Sunday, October 21, 2012

Mount Analogue

The Ascension of Mount Analogue by Remedios Varo

"He questioned us one after the other. Each of his questions, although quite simple - Who were we? Why had we come? - caught us off guard and shook us to the core. Who are you? Who am I? We could not answer him as we would a consular official or customs agent. Tell one's name and profession? What good would that do? But who are you? And what are you? The words we pronounced - we had no others - were lifeless, repugnant, and grotesque like cadavers. We knew henceforth that we could no longer pay the guides of Mount Analogue with words."

Mount Analogue is an unfinished novel by the French writer, Rene Daumal. He succumbed to tuberculosis at the age of thirty six leaving his manuscript in mid sentence and with only a sketch as to how it was to be completed (in a further two chapters). It is (and was to be) short yet it is a beautiful, mysterious and resonant tale.

Led by Father Sogol, once a monk, now a mountaineer and inventor, a small party make their way to a hidden continent, Mount Analogue, whose base is rooted in earth and whose pinnacle is in heaven and begin their ascent. In essence that is it but along the way, Daumal explores through poetic image, metaphor, allegory and metaphysical sleight of hand what it might mean for a person to embark on a heavenly ascent? What it might mean to answer the question who am I? And why such a question demands a change in consciousness rather than answer in any of the accepted currencies of the world, most especially words!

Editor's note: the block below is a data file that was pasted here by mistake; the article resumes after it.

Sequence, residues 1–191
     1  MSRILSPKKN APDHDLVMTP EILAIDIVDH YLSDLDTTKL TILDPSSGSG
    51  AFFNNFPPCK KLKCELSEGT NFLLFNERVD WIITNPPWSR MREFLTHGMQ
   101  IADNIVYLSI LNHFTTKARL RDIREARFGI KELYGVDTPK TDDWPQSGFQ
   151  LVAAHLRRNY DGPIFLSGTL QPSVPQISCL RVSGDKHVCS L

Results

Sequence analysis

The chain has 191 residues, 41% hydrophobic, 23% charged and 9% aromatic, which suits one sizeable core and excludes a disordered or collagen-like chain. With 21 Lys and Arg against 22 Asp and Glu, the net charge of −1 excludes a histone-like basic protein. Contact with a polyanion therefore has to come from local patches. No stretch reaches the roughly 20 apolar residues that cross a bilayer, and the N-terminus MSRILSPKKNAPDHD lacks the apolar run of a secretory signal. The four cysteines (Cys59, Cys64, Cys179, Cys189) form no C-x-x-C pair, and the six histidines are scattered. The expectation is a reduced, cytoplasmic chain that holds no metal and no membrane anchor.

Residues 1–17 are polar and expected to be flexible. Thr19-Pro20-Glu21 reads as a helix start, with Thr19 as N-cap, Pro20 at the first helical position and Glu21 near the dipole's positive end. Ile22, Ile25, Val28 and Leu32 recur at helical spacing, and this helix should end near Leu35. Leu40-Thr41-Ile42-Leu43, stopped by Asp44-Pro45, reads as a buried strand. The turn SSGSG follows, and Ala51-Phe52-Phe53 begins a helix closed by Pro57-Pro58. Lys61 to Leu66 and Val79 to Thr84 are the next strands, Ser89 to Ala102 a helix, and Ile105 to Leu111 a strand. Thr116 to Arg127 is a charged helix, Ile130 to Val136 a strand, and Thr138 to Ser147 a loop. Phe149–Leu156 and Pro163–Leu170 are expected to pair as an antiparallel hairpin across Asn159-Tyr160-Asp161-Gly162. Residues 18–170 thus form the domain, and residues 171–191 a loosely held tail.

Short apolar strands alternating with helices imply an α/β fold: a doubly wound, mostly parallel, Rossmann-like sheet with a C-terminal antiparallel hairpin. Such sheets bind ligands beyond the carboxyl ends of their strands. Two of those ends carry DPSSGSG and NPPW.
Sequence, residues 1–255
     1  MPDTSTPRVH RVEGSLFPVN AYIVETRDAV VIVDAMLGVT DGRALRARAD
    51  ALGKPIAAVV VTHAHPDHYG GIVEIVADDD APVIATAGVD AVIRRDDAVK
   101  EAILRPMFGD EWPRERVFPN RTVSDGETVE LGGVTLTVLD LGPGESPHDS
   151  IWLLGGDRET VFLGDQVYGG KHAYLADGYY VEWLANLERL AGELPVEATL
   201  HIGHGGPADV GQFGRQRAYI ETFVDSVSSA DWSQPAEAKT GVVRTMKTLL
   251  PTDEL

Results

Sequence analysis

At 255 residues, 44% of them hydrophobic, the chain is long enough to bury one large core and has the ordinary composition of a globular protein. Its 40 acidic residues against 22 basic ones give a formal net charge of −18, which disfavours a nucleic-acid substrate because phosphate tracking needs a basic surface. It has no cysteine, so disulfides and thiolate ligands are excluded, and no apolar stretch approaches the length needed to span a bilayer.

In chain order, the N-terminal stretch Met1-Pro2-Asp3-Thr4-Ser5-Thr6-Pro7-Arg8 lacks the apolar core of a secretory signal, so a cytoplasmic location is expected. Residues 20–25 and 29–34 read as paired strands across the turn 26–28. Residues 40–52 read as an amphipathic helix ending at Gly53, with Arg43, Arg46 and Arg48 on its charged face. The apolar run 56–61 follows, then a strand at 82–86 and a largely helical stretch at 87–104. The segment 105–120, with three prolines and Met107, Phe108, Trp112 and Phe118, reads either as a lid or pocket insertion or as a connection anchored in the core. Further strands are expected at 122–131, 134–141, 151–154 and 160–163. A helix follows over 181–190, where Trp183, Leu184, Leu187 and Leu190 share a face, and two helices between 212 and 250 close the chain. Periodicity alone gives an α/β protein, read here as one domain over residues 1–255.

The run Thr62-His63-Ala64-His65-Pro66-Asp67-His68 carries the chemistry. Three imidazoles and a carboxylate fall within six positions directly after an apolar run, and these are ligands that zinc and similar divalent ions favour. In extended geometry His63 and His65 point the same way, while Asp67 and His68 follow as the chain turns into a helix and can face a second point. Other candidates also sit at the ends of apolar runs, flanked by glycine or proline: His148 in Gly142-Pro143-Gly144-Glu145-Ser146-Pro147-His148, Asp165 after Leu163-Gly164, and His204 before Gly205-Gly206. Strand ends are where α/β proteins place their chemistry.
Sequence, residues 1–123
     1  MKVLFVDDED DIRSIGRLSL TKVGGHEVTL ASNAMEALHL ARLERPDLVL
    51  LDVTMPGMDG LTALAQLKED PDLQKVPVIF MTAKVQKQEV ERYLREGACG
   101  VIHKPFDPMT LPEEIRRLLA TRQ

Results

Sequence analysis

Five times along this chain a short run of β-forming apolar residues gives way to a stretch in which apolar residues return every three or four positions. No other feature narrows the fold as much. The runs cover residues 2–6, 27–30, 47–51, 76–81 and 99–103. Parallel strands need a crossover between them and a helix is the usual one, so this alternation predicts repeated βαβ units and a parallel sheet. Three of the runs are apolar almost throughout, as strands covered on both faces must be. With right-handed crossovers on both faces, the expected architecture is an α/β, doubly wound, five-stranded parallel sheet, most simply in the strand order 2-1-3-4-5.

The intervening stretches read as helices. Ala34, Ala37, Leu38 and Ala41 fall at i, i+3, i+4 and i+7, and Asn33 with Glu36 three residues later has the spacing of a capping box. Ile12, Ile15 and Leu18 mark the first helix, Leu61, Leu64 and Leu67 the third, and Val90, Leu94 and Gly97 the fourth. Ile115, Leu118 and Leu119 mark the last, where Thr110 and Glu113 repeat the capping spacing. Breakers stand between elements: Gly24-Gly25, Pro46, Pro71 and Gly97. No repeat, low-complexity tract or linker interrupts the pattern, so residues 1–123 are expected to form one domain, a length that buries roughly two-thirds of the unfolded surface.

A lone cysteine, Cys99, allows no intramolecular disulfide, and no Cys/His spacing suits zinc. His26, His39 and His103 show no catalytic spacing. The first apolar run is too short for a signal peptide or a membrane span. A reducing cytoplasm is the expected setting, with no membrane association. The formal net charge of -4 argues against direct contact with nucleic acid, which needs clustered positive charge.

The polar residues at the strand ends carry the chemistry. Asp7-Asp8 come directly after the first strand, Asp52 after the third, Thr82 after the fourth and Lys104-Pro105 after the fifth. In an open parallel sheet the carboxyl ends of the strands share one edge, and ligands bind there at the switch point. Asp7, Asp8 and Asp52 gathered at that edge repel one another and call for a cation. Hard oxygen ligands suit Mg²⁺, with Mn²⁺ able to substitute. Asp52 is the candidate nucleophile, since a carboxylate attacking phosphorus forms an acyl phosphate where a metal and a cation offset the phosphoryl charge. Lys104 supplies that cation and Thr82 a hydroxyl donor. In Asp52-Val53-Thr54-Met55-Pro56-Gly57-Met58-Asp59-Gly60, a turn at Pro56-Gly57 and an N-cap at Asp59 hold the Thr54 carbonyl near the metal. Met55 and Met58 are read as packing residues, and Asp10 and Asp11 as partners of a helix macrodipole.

Father Sogol (Logos) is modelled after Gurdjieff of whom Daumal was a pupil and like his master, Daumal, places his deepest faith in asking the right question in the right way (rather than constructing answers). It is only when: who am I? strikes the very depths, when one suffers it, that a new way of being emerges as the answering activity. Reading Mount Analogue, time and again, I found myself not only thinking but feeling the dissatisfaction of any simple answer to that apparently simple question. Like a New Testament parable the transparency and simplicity of the text is deceptive. It lures you in to pondering at the heart.

There is too a characteristic emphasis on the importance of the group - the journey to Mount Analogue is a pilgrimage but not one aimed at transforming an individual pilgrim's soul but that of a group sharing the struggle to achieve a full humanity. The journey can only be embarked upon, Daumal suggests, when the group forms (even though Father Sogol, on his own, 'knows' the way) and as you ascend, you must prepare the ground for the group immediately following. No ascent is possible if it is not grounded in preparing the way for others.

I find this emphasis (that was a characteristic of Gurdjieff) deeply moving. The Bodhisattva renounces enlightenment until the last blade of grass is enlightened because no enlightenment is fully possible until this is so, all is transfigured. Hell will be empty at the 'end of time' because, as St Silouan of Athos says, 'Love could not bear it'.

Each step of the way is one's own and a opening for the step of another. We are saved together or not at all.

No comments:

Post a Comment

The Cone Gatherers: A realistic parable of good and evil

Two men are up a tree, gathering cones. One sits uneasily, rheumatic limbs always waiting to ambush him at these uncertain heights. Hi...